"Staycation" has become the prime buzzword of media reporting on recession travel this year, gaining such currency Merriam-Webster endowed it with official status by including it in the dictionary. I predict coverage will shift in the next month or so, however, once the media notices the classic American roadtrip has enjoyed a resurgence in popularity--and not just with writers, photographers, or reality show producers. Considering the economic environment, some of the early indicators are nothing short of dramatic.
The Recession Roadtrip now has brought me to South Dakota, one of a handful of states that hasn't endured much of a downturn in the recession. The drive west from Sioux Falls along I-90 feels like I've joined a caravan of fellow roadtrippers, though my sparsely-packed little red Prius looks out of place in the stream minivans and SUVs crammed with luggage and children, often with a travel trailer hitched to the back or a car-top carrier on the roof. Even though I only know the chorus to "Holiday Road," I can't stop singing it on perpetual loop. These are the moments I realize it's probably best I don't have company on this trip.
Tourism had a $2.42 billion impact on South Dakota's economy and employed almost 34,000 people in 2008, making it the state's second largest industry. National Geographic Traveler named the Black Hills in southwestern South Dakota the "Drive of a Lifetime" in 2009, but its distance from major population centers would make it too long a drive for a recession vacation, if the advance predictions about this summer were proving accurate. Thankfully for South Dakota, that doesn't appear to be the case. With this notion forming in my mind while scanning all the out-of-state license plates crowding I-90, I decide that after two months on the road seeking out those who have endured a dramatic change in their lives because of the recession, I wanted to act like a normal tourist for a couple of days.
First stop: Mitchell, SD. I had to see what they advertise as the "world's only" Corn Palace. Constructed in 1892 in an attempt to encourage settlement by showcasing the richness of the area's fertile soil, various colors of corn-on-the-cob are the medium for murals covering the outside, with trim of thatched sorghum, rye, wild oats, and other grasses. The corny folk art contrasts wildly with the painted domes and minarets of the building's Moorish Revival architecture. The Whalen family of Poughkeepsie, NY echoes my own silent thought: "How bizarre," words that would recur many times during my tour around South Dakota.
Most summers, the Whalens spend a couple of weeks in a rented beach house somewhere along the Eastern Seaboard. Inspired by NBC's "Great American Roadtrip," the parents and three kids--ages 6, 8, and 12--decided they wanted to do something more enriching than just soak up sun and sea air this year. They plan to go as far as Yellowstone before turning back towards New York.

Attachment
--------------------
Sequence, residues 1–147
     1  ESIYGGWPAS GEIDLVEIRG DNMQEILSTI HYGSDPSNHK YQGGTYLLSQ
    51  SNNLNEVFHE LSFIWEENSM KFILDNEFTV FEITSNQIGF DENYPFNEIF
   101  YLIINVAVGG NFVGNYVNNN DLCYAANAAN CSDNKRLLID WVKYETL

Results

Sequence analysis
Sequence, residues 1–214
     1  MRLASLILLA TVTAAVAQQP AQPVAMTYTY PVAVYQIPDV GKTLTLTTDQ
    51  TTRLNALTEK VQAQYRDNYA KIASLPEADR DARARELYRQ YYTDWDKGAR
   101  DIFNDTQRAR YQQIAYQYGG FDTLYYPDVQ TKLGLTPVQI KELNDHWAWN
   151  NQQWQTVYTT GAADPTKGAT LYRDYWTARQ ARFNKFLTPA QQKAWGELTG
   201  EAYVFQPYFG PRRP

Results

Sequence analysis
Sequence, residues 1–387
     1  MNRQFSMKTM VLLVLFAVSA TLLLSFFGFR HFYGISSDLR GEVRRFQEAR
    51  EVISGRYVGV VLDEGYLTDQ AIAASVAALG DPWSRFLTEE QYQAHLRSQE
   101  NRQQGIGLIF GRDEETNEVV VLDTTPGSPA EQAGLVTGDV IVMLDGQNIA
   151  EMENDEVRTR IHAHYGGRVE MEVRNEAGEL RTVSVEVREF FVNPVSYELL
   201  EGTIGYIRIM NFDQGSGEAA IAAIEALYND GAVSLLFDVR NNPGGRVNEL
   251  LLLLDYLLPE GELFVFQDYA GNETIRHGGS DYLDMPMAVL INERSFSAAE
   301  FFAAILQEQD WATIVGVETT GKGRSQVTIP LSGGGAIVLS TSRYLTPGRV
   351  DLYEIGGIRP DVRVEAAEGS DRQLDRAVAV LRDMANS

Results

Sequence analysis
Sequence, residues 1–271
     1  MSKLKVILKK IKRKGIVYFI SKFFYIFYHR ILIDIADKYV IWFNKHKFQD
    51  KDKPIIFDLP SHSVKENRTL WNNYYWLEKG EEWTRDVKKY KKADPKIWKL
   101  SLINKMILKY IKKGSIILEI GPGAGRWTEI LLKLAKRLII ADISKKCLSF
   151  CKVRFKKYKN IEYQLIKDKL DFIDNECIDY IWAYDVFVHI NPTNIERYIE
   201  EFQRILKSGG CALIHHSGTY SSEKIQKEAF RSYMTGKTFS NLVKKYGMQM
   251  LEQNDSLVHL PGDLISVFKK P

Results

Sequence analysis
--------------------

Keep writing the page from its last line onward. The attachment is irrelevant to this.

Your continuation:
This journey marks their first real roadtrip, but it definitely won't be their last. Long hours driving in the car have already been spent looking at their map and discussing possible destinations next summer--thematic vacations, like a tour of Civil War battlefields or civil rights landmarks, are two options. "This roadtrip is making us realize that summer vacation can and should be something more than just relaxed family time," mom Melissa explains. "The kids--and us too--have been learning so much about the country, about Native Americans, about history and, you know, corn. We've decided we want to encourage that kind of learning, and squeeze in as many experiences like this before Chase (the oldest) goes off to college. We feel like we've already wasted so much time sitting on our butts at the beach that could have been put to better use."
Before hitting the road again, I ask a woman working the door how attendance has been this year. She reports that they anticipated business would be down because of the recession, but it has actually increased about 10% above average.
Rick Hustead, co-owner of Wall Drugs, has seen a similar rise in business. Wall Drugs actually hired 5% fewer seasonal employees for the summer, expecting that tourist traffic would be down, but July marked a 10% increase in business over the same month last year, which had its own strong performance despite high gas prices last summer. "So far, it has amazed us," Rick says.
In 1931, Rick's grandparents purchased the small pharmacy in Wall. Business exploded after Dorothy Hustead had the idea to advertise free ice water for those thirsty travelers driving across the hot prairie. Wall Drug Store road signs now line the full length of I-90 in South Dakota, and can be found scattered across this country and in foreign ones. That simple drugstore has now expanded into a sprawling mega-plex of shops, restaurants, historical displays of South Dakota history, the country's largest privately-owned Western art collection, and various oddities like a mechanical roaring T-Rex head, mounted and stuffed wildlife, and a 12-foot tall fiberglass jackalope saddled up for kids to ride. The eclectic development transformed Wall Drugs from its original iteration as a way station for roadtrippers en route elsewhere, to a planned destination for everyone passing through the area; 15 to 20,000 tourists typically visit the site every day during the summer months. And, yes, they still offer free ice water. It is as cold and refreshing as the cone of homemade butter pecan ice cream I indulge in before getting back into the Prius and heading for the Badlands.
The forest ranger manning the gate of Badlands National Park echoes the surprise I had been hearing about the number of people traveling this year. She reports their park attendance this summer has been about 20% above average--far exceeding expectations--and that the campgrounds have been regularly packed to capacity.